When that force couldn’t cope, the British state sent troops to prop it up.
Derry was the site of the “Battle of the Bogside”. This was large-scale rioting in August 1969 after police and the Specials attempted a pogrom through the Bogside.
The police lost control of the city and, by the third day of clashes, the coercive capacity of the Northern Ireland state was running out.
In July and August 1969, some ten people—eight Catholics and two Protestants—were killed. Some 154 were shot, 745 injured and 300 treated for the effects of CS gas used by the security forces.
A total of 170 homes were destroyed and 417 damaged.
In Derry, a single dairy reported having 43,000 milk bottles stolen over a three-day period to make petrol bombs.
Nationalist areas bore the brunt. According to historian Jonathan Bardon, it suffered 83.5 percent of the damage and made up 1,505 of the 1,820 families who fled their homes.
The state responded with more repression, internment and massacring civilians in Ballymurphy in Belfast and on Bloody Sunday in Derry in 1972.
That led to direct rule from Britain. Belfast’s retiring Lord Mayor, Sir Joseph Cairns, bemoaned the unionist lot.
Ulster, he said, had been cynically betrayed by Britain’s policies that had relegated it to “the status of a Fuzzy Wuzzy colony”.
Troops on the streets and repression brought more sectarianism. Without organisation looking to mass mobilisation in the North and, importantly, South, the space of resistance was mostly filled with armed struggle against Britain.
The Republicans were a tiny force in Northern Ireland in 1968. But their message began to connect with thousands who faced British army bullets and the naked terror campaign of Loyalist death squads.
The depth of resistance meant that the British state could not repress Northern Ireland into stability.
But the repression weakened the potential for mass struggle that could have ended the sectarian state.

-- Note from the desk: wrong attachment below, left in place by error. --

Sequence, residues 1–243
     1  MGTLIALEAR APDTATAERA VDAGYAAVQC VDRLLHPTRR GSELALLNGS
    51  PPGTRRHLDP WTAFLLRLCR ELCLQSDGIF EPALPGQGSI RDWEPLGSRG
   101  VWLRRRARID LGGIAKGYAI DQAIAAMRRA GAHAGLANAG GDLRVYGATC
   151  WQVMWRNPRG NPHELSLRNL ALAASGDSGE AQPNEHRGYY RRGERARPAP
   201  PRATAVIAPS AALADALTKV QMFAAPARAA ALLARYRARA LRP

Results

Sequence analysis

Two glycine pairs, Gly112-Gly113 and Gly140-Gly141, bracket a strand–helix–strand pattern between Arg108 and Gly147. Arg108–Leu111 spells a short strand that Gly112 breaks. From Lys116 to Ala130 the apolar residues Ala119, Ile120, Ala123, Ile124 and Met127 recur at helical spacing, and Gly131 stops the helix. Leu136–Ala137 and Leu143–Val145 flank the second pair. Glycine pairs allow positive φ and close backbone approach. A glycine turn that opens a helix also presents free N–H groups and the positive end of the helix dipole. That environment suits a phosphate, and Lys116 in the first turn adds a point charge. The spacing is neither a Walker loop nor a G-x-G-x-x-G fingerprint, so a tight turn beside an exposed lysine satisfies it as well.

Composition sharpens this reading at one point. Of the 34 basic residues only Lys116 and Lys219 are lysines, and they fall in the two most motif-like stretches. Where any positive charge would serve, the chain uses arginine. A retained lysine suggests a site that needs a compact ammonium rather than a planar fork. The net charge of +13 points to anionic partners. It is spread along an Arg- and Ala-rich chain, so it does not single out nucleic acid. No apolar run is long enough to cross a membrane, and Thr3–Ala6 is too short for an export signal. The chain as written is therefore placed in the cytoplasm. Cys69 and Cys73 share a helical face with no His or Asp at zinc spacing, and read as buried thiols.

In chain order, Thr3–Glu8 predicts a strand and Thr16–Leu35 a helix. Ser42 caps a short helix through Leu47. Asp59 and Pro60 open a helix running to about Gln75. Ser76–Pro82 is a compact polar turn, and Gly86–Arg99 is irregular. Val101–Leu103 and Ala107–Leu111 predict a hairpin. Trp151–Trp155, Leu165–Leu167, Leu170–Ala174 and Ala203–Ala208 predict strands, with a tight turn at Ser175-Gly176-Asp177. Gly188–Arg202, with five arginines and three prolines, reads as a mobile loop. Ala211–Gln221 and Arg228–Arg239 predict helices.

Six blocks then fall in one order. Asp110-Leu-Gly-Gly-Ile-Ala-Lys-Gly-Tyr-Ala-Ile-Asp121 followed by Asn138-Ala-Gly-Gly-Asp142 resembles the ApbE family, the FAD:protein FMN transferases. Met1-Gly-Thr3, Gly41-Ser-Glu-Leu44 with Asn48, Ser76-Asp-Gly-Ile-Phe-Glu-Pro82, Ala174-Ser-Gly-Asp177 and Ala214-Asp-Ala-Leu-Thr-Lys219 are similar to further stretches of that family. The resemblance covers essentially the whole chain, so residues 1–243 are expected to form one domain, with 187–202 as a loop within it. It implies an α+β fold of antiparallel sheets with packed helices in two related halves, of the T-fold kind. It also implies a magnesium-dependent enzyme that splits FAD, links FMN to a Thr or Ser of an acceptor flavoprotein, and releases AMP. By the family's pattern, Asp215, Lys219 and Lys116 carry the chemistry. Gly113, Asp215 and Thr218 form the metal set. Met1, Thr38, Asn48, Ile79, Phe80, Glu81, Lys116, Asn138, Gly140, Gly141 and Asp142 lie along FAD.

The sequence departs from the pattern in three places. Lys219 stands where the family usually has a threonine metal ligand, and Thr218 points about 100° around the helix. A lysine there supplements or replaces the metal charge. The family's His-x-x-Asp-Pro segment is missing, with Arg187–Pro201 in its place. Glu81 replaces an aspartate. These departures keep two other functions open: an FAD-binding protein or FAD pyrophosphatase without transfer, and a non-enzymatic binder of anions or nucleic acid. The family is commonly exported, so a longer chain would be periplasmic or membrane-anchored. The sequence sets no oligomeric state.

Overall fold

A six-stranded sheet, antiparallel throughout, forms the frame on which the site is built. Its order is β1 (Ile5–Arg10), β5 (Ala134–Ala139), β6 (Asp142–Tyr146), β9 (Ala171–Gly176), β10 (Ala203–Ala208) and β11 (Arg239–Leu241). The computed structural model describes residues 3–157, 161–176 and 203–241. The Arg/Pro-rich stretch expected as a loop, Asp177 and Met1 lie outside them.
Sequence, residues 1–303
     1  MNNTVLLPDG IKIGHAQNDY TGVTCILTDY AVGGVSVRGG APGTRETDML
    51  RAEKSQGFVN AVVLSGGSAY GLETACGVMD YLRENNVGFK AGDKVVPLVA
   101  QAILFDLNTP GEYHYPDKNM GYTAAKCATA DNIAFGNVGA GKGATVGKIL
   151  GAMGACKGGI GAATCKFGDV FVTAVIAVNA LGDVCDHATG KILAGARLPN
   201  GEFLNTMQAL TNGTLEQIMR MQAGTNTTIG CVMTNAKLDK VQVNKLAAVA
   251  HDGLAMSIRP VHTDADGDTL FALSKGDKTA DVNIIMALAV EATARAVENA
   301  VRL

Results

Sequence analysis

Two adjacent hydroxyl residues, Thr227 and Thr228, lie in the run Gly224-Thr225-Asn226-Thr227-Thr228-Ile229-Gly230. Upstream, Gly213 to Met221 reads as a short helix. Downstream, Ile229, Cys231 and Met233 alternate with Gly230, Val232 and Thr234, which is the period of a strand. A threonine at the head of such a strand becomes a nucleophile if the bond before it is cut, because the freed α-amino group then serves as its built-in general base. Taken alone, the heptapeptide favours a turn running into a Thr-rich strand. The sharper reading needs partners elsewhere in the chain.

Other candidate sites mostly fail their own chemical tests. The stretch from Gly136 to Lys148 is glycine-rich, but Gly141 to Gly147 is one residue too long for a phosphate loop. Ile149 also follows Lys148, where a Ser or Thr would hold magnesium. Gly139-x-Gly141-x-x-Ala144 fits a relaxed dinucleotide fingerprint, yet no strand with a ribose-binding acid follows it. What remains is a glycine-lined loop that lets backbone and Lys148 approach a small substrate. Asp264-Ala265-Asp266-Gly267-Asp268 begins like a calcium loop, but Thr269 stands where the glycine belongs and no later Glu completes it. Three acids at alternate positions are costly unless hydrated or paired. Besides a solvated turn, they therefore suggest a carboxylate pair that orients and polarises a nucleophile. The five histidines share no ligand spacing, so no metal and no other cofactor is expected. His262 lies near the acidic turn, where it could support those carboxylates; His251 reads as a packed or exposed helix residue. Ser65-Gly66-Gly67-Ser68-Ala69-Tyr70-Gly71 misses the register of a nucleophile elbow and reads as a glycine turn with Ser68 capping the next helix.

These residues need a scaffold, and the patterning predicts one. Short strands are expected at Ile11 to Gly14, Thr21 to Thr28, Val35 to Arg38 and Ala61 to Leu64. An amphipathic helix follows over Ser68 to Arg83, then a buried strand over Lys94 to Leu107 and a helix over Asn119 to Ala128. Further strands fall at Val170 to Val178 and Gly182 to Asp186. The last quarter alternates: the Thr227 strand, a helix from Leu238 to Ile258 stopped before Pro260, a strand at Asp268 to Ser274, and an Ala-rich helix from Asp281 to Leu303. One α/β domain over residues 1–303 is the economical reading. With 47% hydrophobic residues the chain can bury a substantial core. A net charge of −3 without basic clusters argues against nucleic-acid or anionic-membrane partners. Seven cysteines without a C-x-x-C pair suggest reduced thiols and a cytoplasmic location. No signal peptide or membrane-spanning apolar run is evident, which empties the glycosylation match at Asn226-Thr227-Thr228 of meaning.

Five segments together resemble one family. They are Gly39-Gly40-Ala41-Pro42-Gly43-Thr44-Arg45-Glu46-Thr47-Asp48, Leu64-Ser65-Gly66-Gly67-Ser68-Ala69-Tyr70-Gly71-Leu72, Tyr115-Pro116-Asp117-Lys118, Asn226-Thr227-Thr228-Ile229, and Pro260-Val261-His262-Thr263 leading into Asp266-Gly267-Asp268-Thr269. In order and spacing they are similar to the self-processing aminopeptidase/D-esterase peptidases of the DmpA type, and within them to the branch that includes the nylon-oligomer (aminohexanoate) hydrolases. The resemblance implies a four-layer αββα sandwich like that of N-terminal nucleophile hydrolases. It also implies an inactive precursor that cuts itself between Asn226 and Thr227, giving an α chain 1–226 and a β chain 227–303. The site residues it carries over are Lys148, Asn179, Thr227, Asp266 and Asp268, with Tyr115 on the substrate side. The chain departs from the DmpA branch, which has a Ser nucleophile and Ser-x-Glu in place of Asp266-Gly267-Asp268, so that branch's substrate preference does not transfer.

British soldiers propped up the sectarian state and poured fuel on the fire. Only when they left was there the chance of peace, if not justice.
Boris Johnson protects the troops who kill
One of Boris Johnson’s first acts as prime minister was to try and appease backers of murderers in Northern Ireland.
He created an Office for Veterans’ Affairs.
Veterans will be represented in the cabinet by minister Oliver Dowden and former soldier Johnny Mercer.
Mercer said Johnson has tasked him to “end the repeated and vexatious pursuit of veterans”.
In Northern Ireland, Loyalists who want to reignite sectarianism against Catholics are trying to use the issue.
Here Nazi Tommy Robinson likes to show his support for our boys’ right to kill Irish people.
Yet just four soldiers have been convicted of shooting civilians while on duty in Northern Ireland in circumstances where the courts ruled they were guilty of murder.
One conviction was overturned on appeal.
All four were freed after five years of their life sentences. All were allowed to rejoin the British army.
A small number of killings by British soldiers are being investigated. The vast majority are not.
In the early 1970s, an illegal agreement existed between senior army and police officers. It meant that soldiers involved in fatal incidents were rarely interviewed by police officers or by military police. Where they were, soldiers lied and faked evidence.
In March defence secretary Gavin Williamson guaranteed that all soldiers will be entitled to retain their own lawyers “without limit of time or cap on expenditure” for any investigation.
The soldiers will not be means tested nor required to contribute to their own legal costs.
That generosity has not applied to the victims of British soldiers. Their relatives are still fighting in a raft of cases.
This includes the Ballymurphy Massacre.
The ultimate butchers in Northern Ireland were the politicians—Tory and Labour—who unleashed the army and the death squads it backed.
They, and the soldiers who fired the bullets, still need to be brought to justice.